Dublin Banking in the 1830s

1837
Share This:
Edit

Excerpt from Lewis' Topographical Dictionary of Ireland for the metropolis of Dublin (pub. 1837). For more snapshots of pre-famine local history for Dublin city parishes, see below.

BANKING

The Bank of Ireland was established in 1783, under an act of parliament, with a capital of £600,000, which, on a renewal of the charter in 1791, was increased to £1,000,000, and by subsequent renewals, the last in 1821, the bank was authorised to enlarge its capital to £3,000,000. The proprietors are incorporated by the name of "The Governor and Company of the Bank of Ireland," and the establishment is under the management of a governor, who must be a proprietor of £4000 stock, a deputy-governor, holding £3000, and 15 directors holding £2000 each; all these are elected by the court of proprietors, and five directors must vacate annually, but not in rotation.

  • Agencies have been established in most of the principal cities and towns in Ireland, and connections have been formed with the Bank of England and the Royal Bank of Scotland, for facilitating the transmission of money.

The building is nearly of a semicircular form and stands on an acre and a half of ground, and previously to the Union was occupied as the Parliament House.

  • The principal front consists of a colonnade of the Ionic order extending round three sides of a quadrangular recess, and supporting an entablature and cornice surmounted by an attic, which is broken only in the central range by a projecting portico of four columns of the same order, sustaining a triangular pediment, in the tympanum of which are the royal arms, and on the apex a statue of Hibernia, with one of Fidelity on the right, and of Commerce on the left extremity of the attic.
  • The east front, in College-street, has a noble portico of six Corinthian columns projecting far into the surrounding area, and supporting an enriched cornice surmounted by a triangular pediment, on the apex of which is a statue of Fortitude, with Justice at one end and a figure of Liberty at the other: this portico, which differs from the style of architecture of the rest of the structure, was formerly the entrance to the House of Lords.
  • The west front, which faces Foster-place, has in the centre an Ionic portico of four columns, supporting an entablature and cornice crowned with a triangular pediment, corresponding in style with the principal front.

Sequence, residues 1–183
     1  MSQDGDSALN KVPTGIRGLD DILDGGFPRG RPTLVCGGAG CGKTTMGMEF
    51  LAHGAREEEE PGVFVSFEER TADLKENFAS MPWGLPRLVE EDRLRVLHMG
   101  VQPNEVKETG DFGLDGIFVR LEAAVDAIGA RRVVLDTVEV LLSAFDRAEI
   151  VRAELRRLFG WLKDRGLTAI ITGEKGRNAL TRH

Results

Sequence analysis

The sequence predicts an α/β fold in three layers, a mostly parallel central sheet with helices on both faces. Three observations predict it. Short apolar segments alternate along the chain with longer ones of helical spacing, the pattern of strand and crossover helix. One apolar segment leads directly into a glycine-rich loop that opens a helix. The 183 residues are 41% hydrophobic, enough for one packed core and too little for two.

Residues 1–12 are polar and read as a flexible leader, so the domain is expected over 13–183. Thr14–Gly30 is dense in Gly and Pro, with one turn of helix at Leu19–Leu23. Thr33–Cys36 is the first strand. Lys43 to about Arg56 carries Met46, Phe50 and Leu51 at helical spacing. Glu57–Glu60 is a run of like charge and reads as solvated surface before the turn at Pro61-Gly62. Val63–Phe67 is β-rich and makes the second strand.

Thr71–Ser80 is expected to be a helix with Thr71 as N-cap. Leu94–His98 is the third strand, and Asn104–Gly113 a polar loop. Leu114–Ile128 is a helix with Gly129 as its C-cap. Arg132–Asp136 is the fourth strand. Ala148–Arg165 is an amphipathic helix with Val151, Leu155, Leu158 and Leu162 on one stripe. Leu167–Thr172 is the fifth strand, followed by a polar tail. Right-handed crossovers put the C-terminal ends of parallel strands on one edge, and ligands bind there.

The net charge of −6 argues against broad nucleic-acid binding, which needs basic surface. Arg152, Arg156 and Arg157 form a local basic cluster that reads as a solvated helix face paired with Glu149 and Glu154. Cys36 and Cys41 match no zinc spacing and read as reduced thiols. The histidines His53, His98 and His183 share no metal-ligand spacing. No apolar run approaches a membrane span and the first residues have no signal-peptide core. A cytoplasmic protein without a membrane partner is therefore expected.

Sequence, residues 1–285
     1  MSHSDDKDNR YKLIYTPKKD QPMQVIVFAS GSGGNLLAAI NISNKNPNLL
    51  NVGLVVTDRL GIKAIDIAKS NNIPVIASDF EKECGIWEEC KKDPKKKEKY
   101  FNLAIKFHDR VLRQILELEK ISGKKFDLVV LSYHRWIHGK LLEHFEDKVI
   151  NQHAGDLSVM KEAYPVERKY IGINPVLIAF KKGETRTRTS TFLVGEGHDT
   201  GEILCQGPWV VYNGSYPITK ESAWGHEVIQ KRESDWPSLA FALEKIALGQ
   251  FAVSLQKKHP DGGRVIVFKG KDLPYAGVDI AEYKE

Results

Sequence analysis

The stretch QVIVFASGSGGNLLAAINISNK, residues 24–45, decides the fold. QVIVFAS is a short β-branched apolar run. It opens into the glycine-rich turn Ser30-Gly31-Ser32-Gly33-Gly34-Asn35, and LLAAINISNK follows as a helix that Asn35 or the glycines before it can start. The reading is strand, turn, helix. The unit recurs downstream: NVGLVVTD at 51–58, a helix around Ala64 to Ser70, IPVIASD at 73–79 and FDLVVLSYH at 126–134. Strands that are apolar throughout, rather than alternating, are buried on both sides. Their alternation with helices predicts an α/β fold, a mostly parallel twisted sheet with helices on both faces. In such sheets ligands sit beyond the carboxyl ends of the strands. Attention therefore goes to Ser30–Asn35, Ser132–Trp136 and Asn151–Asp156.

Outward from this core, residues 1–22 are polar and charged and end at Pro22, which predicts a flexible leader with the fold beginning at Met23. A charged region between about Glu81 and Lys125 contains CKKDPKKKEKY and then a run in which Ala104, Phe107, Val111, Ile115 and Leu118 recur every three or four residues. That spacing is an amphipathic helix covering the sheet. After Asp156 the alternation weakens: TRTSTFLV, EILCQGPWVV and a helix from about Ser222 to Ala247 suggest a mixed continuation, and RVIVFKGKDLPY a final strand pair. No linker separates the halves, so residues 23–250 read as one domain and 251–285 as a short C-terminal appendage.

• Within the central portico are two entrances leading to the Cash office, communicating at each end with corridors leading to the various offices in the establishment. This part of the building stands on the site of the former House of Commons.
  • The former House of Lords, which remains unaltered, is now appropriated to the use of the court of proprietors; it is of rectangular form, with a semicircular recess at one extremity, in which the throne was placed, and in which has since been set up a statue of white marble of Geo. III. 
  • In the rear of the interior is a department for printing the banknotes, the machinery of which is wholly worked by steam, and arranged with such ingenuity as in a great measure to baffle any attempt at forgery, and at the same time to add greatly to the expedition with which the process of printing is carried on, while it likewise affords a check upon the workmen employed, by means of a self-acting register, which indicates the quantity of work done and the actual state of that in progress at any moment required.

The Hibernian Joint Stock Banking Company is managed by a governor, deputy-governor, and 7 directors; it transacts business at a house in Castle-street, built for the late private banking establishment of Lord Newcomen.

The Provincial Bank of Ireland is managed by a court of directors in London and has an office in William-street and agencies throughout the country parts.

The National Bank of Ireland was formed under the provisions of the same act, with a capital of two million subscribed in London and Ireland, to be applied to the support of banking establishments connected with it in Ireland, by contributing to each a sum equal to that locally subscribed; it has also branches in the principal towns.

The private banking establishments are those of La Touche and Co., Castle-street; Ball and Co, Henry-street; Boyle and Co., College-green; and the Royal Bank, Foster-place.

There are two Savings' Banks, both formed in 1818, one in Meath-street, the other in Cuffe-street, in St. Peter's parish. The former has two branches in Marlborough-street and at the Linen-hall, by which the benefits of the system have been extended to the northern division of the city.

The Money Order office, held in the general post-office, furnishes means for the secure transmission of small sums.

SOURCE: A Topographical Dictionary of Ireland by Samuel Lewis (pub 1837)

Community new status